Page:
I received the following note from someone who’d like to remain anonymous:
I read your post on ethics and statistics, and the comments therein, with much interest.
I did notice, however, that most of the dialogue was about ethical behavior of scientists. Herein I’d like to suggest a different take, one that focuses on the statistical methods of scientists.
For example, fitting a line to a scatter plot of data using OLS [linear regression] gives more weight to outliers. If each data point represents a person we are weighting people differently. And surely the ethical implications are different if we use a least absolute deviation estimator.
Recently I reviewed a paper where the authors claimed one advantage of non-parametric rank-based tests is their robustness to outliers. Again, maybe that outlier is the 10th person who dies from an otherwise beneficial medicine. Should we ignore him in assessing the effect of the medicine?
I guess this gets me partly into loss functions and how we evaluate models. If I remember correctly you were not very appreciative of loss functions in one of your blog entries. As a side note I’d be interested to know of a paper where you explain your rationale for this.
The general point I would make, however, is that there is no “ethically” neutral method. When we adopt a method we, along with it, adopt an ethical stance, whether we know it or not. Ideally scientists ought to be aware of the stance they are taking and be able to offer justifications for it.
I think the resolution to this problem is to consider varying treatment effects (see, for example, here and here). If the treatment effect is constant, than the issues discussed above don’t arise: there is one parameter being estimated, and the ethical thing to do is to estimate it as accurately as possible. (In which case it could be considered unethical to use a non-Bayesian approach if good prior information is available, but that’s another story.)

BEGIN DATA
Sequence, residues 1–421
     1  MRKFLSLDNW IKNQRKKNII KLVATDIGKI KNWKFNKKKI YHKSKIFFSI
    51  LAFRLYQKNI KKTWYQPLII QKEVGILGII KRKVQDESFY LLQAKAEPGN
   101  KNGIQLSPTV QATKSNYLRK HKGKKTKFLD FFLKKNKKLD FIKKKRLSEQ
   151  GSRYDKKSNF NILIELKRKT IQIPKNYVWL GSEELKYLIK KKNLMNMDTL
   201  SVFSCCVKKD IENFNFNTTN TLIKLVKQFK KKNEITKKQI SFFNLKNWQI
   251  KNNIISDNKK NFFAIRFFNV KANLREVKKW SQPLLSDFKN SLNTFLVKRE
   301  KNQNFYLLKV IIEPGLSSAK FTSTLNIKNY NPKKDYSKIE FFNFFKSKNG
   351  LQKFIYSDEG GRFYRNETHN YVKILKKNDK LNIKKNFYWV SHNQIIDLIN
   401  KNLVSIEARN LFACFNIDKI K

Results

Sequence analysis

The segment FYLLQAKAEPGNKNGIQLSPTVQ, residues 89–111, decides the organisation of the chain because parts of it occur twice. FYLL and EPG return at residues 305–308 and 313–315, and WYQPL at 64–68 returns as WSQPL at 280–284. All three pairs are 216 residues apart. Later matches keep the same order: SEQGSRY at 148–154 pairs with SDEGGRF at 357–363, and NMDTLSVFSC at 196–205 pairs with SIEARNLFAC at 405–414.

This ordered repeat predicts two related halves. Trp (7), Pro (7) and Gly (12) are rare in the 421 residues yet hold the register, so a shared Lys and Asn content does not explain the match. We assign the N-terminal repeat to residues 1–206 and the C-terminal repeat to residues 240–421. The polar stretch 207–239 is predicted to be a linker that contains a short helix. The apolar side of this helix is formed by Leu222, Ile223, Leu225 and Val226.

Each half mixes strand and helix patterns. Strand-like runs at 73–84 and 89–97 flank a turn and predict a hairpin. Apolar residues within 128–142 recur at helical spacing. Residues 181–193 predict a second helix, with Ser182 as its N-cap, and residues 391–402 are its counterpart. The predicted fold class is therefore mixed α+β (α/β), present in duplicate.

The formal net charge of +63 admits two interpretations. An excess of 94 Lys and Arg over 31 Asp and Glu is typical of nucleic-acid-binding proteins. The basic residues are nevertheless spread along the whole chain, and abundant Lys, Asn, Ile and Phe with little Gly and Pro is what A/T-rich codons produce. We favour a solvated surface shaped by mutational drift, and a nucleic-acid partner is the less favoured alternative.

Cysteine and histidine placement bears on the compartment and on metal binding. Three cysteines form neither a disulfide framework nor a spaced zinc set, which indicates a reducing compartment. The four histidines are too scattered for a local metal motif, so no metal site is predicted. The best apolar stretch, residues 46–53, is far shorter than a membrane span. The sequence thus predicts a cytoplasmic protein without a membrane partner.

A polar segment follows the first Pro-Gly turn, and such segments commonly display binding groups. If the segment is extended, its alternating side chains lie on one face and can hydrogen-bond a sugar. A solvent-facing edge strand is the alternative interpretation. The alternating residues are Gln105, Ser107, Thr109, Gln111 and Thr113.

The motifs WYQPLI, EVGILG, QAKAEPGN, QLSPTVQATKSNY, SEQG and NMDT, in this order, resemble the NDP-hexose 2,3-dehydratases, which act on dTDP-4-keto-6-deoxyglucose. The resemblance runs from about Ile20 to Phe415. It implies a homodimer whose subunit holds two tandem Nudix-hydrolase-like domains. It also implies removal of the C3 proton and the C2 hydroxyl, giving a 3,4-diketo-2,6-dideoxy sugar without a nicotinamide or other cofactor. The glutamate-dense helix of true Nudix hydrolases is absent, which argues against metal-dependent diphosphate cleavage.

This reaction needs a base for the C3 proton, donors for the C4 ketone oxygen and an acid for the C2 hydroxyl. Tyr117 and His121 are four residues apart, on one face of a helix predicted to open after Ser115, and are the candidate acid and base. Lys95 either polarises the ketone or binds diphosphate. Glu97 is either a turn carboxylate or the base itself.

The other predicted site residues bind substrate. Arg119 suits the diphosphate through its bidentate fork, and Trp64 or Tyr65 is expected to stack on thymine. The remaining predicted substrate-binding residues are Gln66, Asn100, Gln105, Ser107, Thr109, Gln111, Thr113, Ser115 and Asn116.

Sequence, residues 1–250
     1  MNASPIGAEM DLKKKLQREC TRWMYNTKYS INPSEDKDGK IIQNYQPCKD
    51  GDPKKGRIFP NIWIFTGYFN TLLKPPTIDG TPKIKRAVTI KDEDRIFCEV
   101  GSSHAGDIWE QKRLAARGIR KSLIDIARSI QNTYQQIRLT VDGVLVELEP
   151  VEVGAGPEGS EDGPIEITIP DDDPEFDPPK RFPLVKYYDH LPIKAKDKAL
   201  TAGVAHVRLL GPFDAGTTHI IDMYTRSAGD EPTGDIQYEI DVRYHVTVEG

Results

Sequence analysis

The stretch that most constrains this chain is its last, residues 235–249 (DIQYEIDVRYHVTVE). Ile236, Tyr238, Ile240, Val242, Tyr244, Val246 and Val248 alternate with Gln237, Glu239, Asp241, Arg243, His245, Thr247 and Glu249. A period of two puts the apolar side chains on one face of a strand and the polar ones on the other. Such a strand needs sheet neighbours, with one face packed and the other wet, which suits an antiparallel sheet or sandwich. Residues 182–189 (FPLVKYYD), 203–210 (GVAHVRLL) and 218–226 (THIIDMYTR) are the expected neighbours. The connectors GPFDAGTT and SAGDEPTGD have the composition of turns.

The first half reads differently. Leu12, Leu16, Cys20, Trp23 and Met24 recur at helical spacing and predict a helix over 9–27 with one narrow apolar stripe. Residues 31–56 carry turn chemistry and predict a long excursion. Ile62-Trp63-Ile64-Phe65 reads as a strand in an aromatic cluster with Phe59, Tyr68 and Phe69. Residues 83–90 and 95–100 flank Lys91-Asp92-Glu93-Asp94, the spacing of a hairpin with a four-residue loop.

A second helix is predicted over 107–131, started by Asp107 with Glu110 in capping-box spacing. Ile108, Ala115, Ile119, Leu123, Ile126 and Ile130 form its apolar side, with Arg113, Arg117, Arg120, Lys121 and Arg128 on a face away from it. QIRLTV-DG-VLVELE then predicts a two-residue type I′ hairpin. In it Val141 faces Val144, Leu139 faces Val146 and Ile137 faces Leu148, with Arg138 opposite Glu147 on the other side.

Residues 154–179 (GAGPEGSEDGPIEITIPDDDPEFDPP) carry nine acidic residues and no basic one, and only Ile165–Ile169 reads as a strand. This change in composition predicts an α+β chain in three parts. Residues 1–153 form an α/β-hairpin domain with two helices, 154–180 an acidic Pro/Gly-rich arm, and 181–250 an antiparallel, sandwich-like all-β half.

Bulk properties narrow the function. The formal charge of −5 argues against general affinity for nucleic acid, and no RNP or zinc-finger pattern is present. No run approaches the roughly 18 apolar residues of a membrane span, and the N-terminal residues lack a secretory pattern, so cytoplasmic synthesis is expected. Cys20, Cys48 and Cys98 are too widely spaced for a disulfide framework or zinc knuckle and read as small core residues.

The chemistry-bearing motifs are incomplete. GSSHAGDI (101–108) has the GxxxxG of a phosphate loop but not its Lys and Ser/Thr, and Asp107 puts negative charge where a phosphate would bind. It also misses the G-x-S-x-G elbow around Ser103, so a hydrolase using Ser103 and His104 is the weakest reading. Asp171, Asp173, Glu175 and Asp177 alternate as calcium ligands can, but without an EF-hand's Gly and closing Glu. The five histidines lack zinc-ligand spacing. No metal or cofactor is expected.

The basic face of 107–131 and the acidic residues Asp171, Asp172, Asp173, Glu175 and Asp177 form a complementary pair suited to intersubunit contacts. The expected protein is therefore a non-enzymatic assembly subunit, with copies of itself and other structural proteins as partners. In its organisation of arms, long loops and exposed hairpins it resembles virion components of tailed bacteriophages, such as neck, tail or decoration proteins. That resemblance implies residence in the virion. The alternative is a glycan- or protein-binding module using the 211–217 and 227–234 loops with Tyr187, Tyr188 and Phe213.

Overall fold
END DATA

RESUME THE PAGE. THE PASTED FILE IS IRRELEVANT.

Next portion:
My correspondent wrote back:
Some reactions to the readings:
1. Strictly speaking the problem does not go away. So long as (heterogeneous) estimates still involve some (locally) weighted average, we are still using weights. The choice of any weights is, in my view, of moral significance.
2. The problem becomes less salient — for the statistician. When estimating CATEs the statistician is only responsible for within strata weighting choices. As more strata are added, these choices become less consequential. In the extreme, individuals within strata are identical on relevant covariates so within strata weights don’t matter. The statistician reports CATEs and passes the buck to policy makers.
3. The problem may remain for the policy maker — and bounce back to statistician. Often treatments cannot be finely targeted to sub-populations, for logistical, technological, economic and other reasons. In such situations policy makers will insist on an ATE estimate — that is the quantity of interest. If so, how will the statistician estimate and make inferences about the ATE? Once again he faces an aggregation problem. Alternatively, he may push back and say to politician: “I give you CATEs, you compute ATEs (or provide me with your loss function so I can do it for you)”.
My general response is that if this sort of thing is a concern, it would be good to formally model the decision problem and the costs and benefits of different options.
Statisticians typically focus on inference rather than on decisions. In decision analysis, these issues you mention will arise. Most work I’ve seen in statistical decision analysis tends to have utility or loss functions chosen based on mathematical principles rather than applied considerations. We have some examples of more applied decision analysis in chapter 22 of Bayesian Data Analysis.